[Update: This study was retracted in May 2015 after the lead author of the study said his co-author had faked the results. BuzzFeed News reports here.]
A report published Thursday in Science finds a person who identifies as gay and advocates for same-sex marriage in person can significantly change voter opinions. The findings, released by researchers at the UCLA and Columbia University, are based on an experiment conducted in Los Angeles over the past 18 months involving canvassers visiting voters at home.
When canvassers revealed they were gay while making a case for same-sex marriage laws, voters progressed on the issue at five times the rate of the general population. Not only that, voters retained that new viewpoint the next year, reporting a 15-point shift toward supporting same-sex marriage. The effect spilled over to other members of the household.
"We thought for a long time people were resistant to change," Michael LaCour, who designed the study and co-authored the report, told BuzzFeed News. A meta-analysis of 900 previous studies found that persuasive arguments only lasted a couple weeks, he said. As a result, political instruments designed to manipulate public opinion, like television ads or glossy mailers, are considered temporal tools at best. But with this technique, "It is possible to change people's minds with a single conversation about something we consider divisive," LaCour said. "This is the first evidence of this."
The implications of the study co-authored by Donald P. Green could be far-reaching, not just for LGBT rights but influencing opinions on a range of divisive cultural debates, from abortion and gun laws to immigration.
The lesson for other movements, said LaCour: "The people who create change are the ones who have a direct personal stake, which is contrary to the psychological literature that says people removed from the issue" — such as straight celebrities advocating for LGBT rights or natural-born U.S. citizens calling for immigration reform — "have the ability to create the most change." That sort of conventional wisdom, he said, has long held that third parties were the best messengers, not those directly affected in a controversial situation.
For the UCLA doctoral student, this study is the culmination of years of study on shifting opinion, including changing views on abortion, and may serve as a potential launching pad to a prominent academic career. "Hopefully in a few weeks I'll have a professorship title," he said by phone at the beginning of the interview with BuzzFeed News. "I did nine job talks in the last three weeks."
Starting more than 18 months ago, LaCour asked roughly 10,000 voters to fill out online surveys about their views on a wide range of political issues. Roughly one-tenth qualified for the experiment by living in Los Angeles precincts that voted against same-sex marriage in 2008, with at least one other registered voter in the house. Without telling the subjects that the online survey was related, researchers then subjected the voters to different influences and tracked how their opinions changed.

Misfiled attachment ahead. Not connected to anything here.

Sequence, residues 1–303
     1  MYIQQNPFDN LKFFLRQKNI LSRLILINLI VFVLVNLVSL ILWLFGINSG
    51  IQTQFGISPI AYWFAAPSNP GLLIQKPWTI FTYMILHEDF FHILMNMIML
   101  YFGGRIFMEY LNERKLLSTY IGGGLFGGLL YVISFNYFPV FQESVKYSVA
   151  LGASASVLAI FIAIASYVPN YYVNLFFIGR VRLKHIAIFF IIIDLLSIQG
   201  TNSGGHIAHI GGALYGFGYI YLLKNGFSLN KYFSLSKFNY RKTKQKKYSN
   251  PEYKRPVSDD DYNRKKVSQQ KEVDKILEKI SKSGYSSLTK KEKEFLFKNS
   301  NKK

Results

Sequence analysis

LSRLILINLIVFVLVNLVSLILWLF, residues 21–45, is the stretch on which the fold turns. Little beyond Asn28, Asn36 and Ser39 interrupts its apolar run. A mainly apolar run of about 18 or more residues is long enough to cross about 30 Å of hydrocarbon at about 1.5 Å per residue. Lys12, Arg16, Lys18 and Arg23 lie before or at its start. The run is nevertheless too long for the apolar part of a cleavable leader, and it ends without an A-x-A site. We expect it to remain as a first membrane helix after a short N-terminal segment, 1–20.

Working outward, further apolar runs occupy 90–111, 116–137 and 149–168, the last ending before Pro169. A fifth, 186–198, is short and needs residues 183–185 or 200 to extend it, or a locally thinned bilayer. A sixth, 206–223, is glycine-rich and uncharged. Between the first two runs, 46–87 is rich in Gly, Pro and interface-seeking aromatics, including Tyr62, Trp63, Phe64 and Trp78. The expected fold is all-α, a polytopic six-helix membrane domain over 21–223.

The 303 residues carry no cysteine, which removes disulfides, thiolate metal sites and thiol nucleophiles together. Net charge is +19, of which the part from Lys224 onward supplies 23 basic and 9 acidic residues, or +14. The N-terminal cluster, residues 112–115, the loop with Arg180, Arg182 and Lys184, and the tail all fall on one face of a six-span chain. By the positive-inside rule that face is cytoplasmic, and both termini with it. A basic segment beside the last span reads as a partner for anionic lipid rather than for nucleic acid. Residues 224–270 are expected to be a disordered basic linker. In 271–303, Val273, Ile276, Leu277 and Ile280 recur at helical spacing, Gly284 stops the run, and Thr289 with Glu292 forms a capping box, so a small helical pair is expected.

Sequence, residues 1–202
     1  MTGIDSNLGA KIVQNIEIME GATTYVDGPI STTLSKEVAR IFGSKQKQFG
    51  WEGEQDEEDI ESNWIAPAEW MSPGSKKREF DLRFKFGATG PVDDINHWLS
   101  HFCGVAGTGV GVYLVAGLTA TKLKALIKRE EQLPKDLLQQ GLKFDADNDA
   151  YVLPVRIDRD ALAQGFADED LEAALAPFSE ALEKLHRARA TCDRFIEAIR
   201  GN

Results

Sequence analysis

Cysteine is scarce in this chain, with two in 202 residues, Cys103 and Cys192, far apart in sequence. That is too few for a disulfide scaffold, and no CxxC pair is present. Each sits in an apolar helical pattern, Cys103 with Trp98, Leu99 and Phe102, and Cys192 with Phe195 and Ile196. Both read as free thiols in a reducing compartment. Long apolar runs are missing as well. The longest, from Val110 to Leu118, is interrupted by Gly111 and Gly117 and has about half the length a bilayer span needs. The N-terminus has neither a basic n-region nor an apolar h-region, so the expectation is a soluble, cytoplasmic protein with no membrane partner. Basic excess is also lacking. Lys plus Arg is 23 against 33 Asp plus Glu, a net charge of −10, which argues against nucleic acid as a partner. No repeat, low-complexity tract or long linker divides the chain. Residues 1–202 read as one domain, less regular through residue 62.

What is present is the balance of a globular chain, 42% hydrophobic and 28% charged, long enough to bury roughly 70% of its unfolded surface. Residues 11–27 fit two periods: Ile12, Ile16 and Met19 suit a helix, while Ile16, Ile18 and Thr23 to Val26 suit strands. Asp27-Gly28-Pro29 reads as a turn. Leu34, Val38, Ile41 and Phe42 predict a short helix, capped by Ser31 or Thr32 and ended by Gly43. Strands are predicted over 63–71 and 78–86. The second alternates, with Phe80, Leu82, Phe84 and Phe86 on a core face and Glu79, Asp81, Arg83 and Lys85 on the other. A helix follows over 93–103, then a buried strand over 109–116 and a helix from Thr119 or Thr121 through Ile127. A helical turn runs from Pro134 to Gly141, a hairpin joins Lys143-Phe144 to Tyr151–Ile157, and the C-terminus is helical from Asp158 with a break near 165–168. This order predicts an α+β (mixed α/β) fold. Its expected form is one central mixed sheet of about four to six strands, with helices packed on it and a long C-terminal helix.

Gay and straight canvassers from the Los Angeles LGBT Center visited about 500 voters at their houses to discuss same-sex marriage and recycling. Of them, 132 voters talked to gay canvassers about same-sex marriage for about 20 minutes. Compared to voters who heard about recycling, spoke to straight canvassers, had conversations with gay canvassers who did not reveal their sexual orientation, or were in a control group that never talked to canvassers at all, the voters who talked to gay canvassers who revealed their sexual orientation while pitching for same-sex marriage reported a marked change. Those voters, on a rating of zero to 100, reported a 15-point increase of support nine months later. In comparison, control groups and those who heard about recycling only experienced a 3-point shift toward supporting same-sex marriage, the report finds.
In addition, LaCour said personal conversations spill over to the rest of a household. People who live with the voters canvassed initially showed a 3% increase of favorability to same-sex marriage. "That increases to 6% after a year," LaCour said.
The study reports that voters who discussed same-sex marriage with straight canvassers showed moderate change in opinion but "quickly reverted to their pre-treatment baseline opinions, and 90 percent of the initial treatment effect dissipated a month after the conversation with canvassers."
Gay canvassers who did not identify as gay or make a pitch for same-sex marriage also lacked the same persuasive effect. "The conventional wisdom was that any contact, such as mingling, was sufficient [to change opinion]," LaCour explains. "But that doesn't seem to be the case." LaCour hypothesizes that direct contact with a gay person who identifies as gay changes opinions by replacing gay stereotypes with "a real experience with a gay person."
One of the most remarkable parts of the research, LaCour said, involved testing voter reactions to videos of canvassers practicing with an actor. In those cases, the most persuasive gay canvassers were those initially perceived to be straight. In those conversations, gay people may be effective because they "establish a rapport with someone who you think is similar to you and then reveal something that is counter-stereotypical," LaCour said.
Midway though his interview with BuzzFeed News, LaCour got a call. The interruption, he said when he called back: a professorship offer from Princeton University. How persuasive was their case? "It would be hard to say no."
The follow-up survey on voter opinions was conducted nine months after the initial survey. A previous version of this story misstated the time period.